This case analysis has been done by Parul Sharma, pursuing BBA LLB from Centre for legal studies Gitarattan International Business School GGSIPU. In this case analysis, she is dealing with the case of Town Area Committee v. Prabhu Dayal.
Town Area Committee v. Prabhu Dayal is one of the leading cases of the maxim ‘Damnum sine injuria’ which means “no action will lie if there is actual loss or damage but there has been no infringement of legal right”. Here, in this case, the plaintiff has to prove that he suffered because of an illegal act of the defendant, along with malice.
Justice Hari Swarup
Plaintiff’s case was that he had made the construction of 16 shops on the old foundations of the building and the defendant Town Area Committee illegally demolished these constructions. According to him the notice under Section 186 of the U.P. Municipal Act was bad as it gave to the plaintiff only two hours’ time to demolish the constructions and not a reasonable time as contemplated in Section 302 of the Act. It was also asserted that demolition after this notice was bad as the notice was served at a time when the plaintiff was out of the station. The action was said to be mala fide.
The plea of the defendant was that the constructions had been made by the plaintiff without giving the notice of intention to erect the building under Section 178 and without obtaining necessary sanction under Section 180 of the Act. It was asserted that the notice to demolish the constructions had been given earlier on 18th December requiring the stoppage of further constructions and removal of constructions already made and when it did not comply with an order had been passed by the District Magistrate directing the Town Area Committee to take action under Section 186. Thereafter another notice was given on December 21, which also was not complied with and only then the building was demolished in accordance with the law.
- Can Malice disentitle a person from taking a course of law?
- Can the plaintiff suffer legal injury because of an illegal act?
Hari Swarup said, while reasoning, that the plaintiff could get compensation only if he had proved to have suffered an injury because of an illegal act of the defendant and not otherwise. Further, he said Malice does not enter the scene at all. A legal action, though motivated by malice, will not make the actor liable to pay the damage. Mere malice cannot disentitle a person from taking recourse to law for getting the wrong undone and that law does not take into account all harms suffered by a person which caused no legal injury. He recognized the damage that was done as damnum sine injuria and that the damage did not gave the sufferer any right to get compensation.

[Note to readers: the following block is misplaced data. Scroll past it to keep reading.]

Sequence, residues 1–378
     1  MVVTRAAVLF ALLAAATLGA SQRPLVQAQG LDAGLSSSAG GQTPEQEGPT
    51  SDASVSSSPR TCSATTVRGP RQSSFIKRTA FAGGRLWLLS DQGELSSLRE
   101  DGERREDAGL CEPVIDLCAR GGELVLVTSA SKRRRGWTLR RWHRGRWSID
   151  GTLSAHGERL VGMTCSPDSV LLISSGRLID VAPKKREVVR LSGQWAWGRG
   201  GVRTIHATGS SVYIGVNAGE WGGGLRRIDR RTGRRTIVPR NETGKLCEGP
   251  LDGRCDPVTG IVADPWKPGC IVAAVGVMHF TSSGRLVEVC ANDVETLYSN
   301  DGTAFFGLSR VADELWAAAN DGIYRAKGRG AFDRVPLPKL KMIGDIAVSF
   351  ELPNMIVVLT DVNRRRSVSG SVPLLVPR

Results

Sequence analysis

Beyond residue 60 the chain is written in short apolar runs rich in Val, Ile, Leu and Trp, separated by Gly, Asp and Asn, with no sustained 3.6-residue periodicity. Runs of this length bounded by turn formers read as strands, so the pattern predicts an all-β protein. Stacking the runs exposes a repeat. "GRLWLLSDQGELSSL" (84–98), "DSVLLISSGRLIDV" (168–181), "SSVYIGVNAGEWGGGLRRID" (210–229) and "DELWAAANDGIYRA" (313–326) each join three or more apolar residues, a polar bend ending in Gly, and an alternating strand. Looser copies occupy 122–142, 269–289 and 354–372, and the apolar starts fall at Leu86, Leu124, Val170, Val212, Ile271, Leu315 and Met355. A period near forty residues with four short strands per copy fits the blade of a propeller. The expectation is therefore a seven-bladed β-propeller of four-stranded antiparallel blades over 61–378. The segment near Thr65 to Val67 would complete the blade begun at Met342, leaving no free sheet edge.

Damnum Sine Injuria
In respect of legal reasoning given by the bench in this case, the meaning of the soused maxim is important to understand. Damnum sine Injuria refers to as damages without injury or damages in which there is no infringement of any legal right which are vested with the plaintiff. If no legal right has been infringed so no action lies in the cases of damnum sine injuria. The maxim is based on the general principle which is if one exercises his common or ordinary rights, within reasonable limits, and without infringing other’s legal right; such an exercise does not give rise to an action in tort in favour of that other person. Damages can be in any form either in the form of any substantial harm or loss suffered from respect to the money, comfort, health, etc.
This can be better explained in the following case:
Gloucester Grammar School Case 
The defendant was the schoolmaster intentionally opened the school in front of the plaintiff’s school, causing damage to him. Because of an increase in competition, the plaintiff had to reduce their fees from 40 pence to 12 pence per scholar per quarter. It was held that despite the plaintiff had suffered harm but there was no infringement of any legal right, therefore, the defendant couldn’t be held liable.
Mogul Steamship Co. Vs. McGregor Gow and Co. 
In this case number of companies trading in steamships, combined their hands with the intention to drove the plaintiff’s company out of the tea-carrying company, by reducing and offering assistance at a reduced price. It was held that the plaintiff had no cause of action as no legal right were infringed by the other companies.
Ushaben vs. Bhagyalaxmi Chitra Mandir 
In the case, the plaintiff pleaded before the court of law to issue a permanent injunction order on the film named, “Jai Santoshi Maa”. According to her, the film harmed the religious feelings of the plaintiff. It was observed that hurting of religious sentiments did not result in any legal injury, and also that other than the plaintiff no other person feelings were hurt. Therefore, it was held that the defendant was not liable.
Justice Hari Swarup held the decision by stating “There is no merit in the contention of the learned counsel that the plaintiff had suffered injuria by the act of the demolition of the building because he had a fundamental right to hold and enjoy the property even though it was constructed without prior sanction from Municipal authorities. There is no right to enjoy property not legally obtained or constructed. A person has been given by law a right to construct a building, but that right is restricted by various enactments, one of which is the U.P. Municipalities Act. If a person constructs a building illegally, the demolition of such building by the municipal authorities would not amount to causing “injuria” to the owner of the property. No person has the right to enjoy the fruits of an act which is an offence under the law. As the plaintiff has failed to prove that he had suffered injuria in the legal sense, he is not entitled to get any compensation”.
 (1410) Y.B. Hill 11 Hen, 4 of 47, p. 21, 36.
 (1892) A.C. 25.
 A.I.R. 1978 Guj. 13.
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